WILLIAM SLATER, JOHN SLATER, THOMAS SLATER.
17th August 1846
Reference Numbert18460817-1518
VerdictsGuilty > unknown; Guilty > unknown; Guilty > unknown
SentencesTransportation

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1518. WILLIAM SLATER was again indicted for embezzling and stealing a security for the payment of 51l. 19s., the property of George Keene and others, his masters; JOHN SLATER and THOMAS SLATER for (feloniously receiving the same, knowing it to have been stolen.

MESSRS. CLARKSON and DOANE conducted the Prosecution.

FRANCIS TEBBUTT . I am a wholesale draper, and carry on business in Wood-street, Cheapside, in partnership with George Keene and another. William Slater had been in our employ about a year and a half—we had very considerable confidence in him—he was occasionally sent out to receive money to a considerable amount—he was sent, on the 10th of July, to receive 51l. 19s. from Mr. Clayton—it was his duty to account for the money he received on his return—it was customary to give him a pocket-book with the name of our firm on it, to put bank notes and cash in—he did not return—I did not see him till he was taken on the following day.

WILLIAM CLAYTON . I am a linen-draper, and live in Whitechapel-road. I am a customer at the house of Keene and Co.—on the 10th of July William Slater called on me—I gave him for his masters a check for 51l. 19s. on the London and Westminster Bank, and crossed it to Barclay and Co., who I knew were the bankers of Messrs. Keene and Co.—I took this memorandum from William Slater.

GEORGE EDWARD RADFORD . I am cashier to the firm of Keene and Co. I gave instruction to William Slater on the 10th of July to go and receive certain amounts of money owing to the firm—amongst others, I gave him the name of Mr. Clayton, from whom he was to receive 51l. 19s.—he had a pocket-book, with the name of the firm written on the inside—he did not come back again—inquiries were made, and he was taken the following evening—he was brought to the warehouse, and was charged with this offence in my presence—he said he had been robbed of it, but he did not know by whom—he was asked where his brothers were—he said they were in situations; one was in Lawrence-lane, or Ironmonger-lane; he did not know the house, but it was four or five doors from Cheapside; and the other was in bedford-place, or bedford-street—he made no further statement till I saw him at the Mansion-house—I believe I first spoke to him—I said, "Well, William, I should think by this time you begin to be ashamed of your conduct"—he began to cry; and a conversation ensued, in which he said that the statement he had made about the loss of the money was false, and he had committed the robbery at the instigation of his brothers; that they had from time to time required him to supply them with goods from the warehouse, to procure money—he said he had given over to the parties who had instigated him the pocket-book containing his collection, and, amongst others, the check for 51l. 19.—I had seen one of the other prisoners before near my master's premises.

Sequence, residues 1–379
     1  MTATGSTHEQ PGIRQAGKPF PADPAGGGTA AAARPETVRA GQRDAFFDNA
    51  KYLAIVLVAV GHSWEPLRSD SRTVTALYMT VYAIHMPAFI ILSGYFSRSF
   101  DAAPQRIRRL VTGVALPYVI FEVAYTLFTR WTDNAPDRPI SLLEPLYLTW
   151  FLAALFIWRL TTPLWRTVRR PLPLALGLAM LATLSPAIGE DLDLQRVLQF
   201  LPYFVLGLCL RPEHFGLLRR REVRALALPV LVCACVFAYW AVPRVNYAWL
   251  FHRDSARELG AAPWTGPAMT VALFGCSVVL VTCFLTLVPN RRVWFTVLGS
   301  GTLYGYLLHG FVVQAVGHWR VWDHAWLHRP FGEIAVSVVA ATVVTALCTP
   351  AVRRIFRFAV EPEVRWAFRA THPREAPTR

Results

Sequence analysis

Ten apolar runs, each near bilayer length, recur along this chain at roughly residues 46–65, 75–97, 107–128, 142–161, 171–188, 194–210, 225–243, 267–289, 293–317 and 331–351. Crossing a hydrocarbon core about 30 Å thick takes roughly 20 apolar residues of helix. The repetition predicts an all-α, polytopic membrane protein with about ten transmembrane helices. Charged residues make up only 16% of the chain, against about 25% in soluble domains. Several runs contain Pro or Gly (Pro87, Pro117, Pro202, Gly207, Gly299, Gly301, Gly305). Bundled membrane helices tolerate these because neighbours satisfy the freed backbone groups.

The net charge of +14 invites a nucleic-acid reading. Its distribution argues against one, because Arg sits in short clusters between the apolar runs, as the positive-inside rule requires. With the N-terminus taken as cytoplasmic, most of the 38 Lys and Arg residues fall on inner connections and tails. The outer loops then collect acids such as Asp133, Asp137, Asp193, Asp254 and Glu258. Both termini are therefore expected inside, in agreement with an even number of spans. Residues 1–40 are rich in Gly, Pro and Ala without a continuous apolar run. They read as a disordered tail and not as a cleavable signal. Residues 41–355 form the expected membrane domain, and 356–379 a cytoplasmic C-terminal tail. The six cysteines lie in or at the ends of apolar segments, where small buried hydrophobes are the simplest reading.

GEORGE RUSSELL (City police-constable, No. 34.) On the 13th of July, in consequence of information, I went to trace out the prisoners John Slater and Thomas Slater—I went to the house of Mr. Faulkner, No. 108, Old Street-road—I there found Hannah Flannagan—I produce this book, which I found at the lodgings—I was present at the Mansion-house when the parties were examined—and before they were examined I took out this pocket-book, and John Slater said, in the presence of Thomas Slater, "That is my book"—I had before told them the sum they were alleged to have received—in the course of conversation John Slater said, in the presence of Thomas, that they had thrown the check and pocket-book into the Lea, at Hughes's ferry—he described the spot to me, between two willows—Thomas Slater heard all that was said—he did not say anything—I went with Thomas Slater and another officer to find the spot—Thomas went exactly to the spot pointed out by John—he said it was there, in very deep water, close to the edge, and the pocket-book was wrapped up, and tied round with a stone—he said that was

where it was, and that was the exact place described by John—Thomas said the name of the firm was on the pocket-book—I did not Uneaten him, or say anything to induce him to make that statement (There were other indictments against the prisoners)

WILLIAM SLATER— GUILTY . Aged 15.

JOHN SLATER— GUILTY . Aged 18.

THOMAS SLATER— GUILTY . Aged 17.

Transported fir Seven Year.


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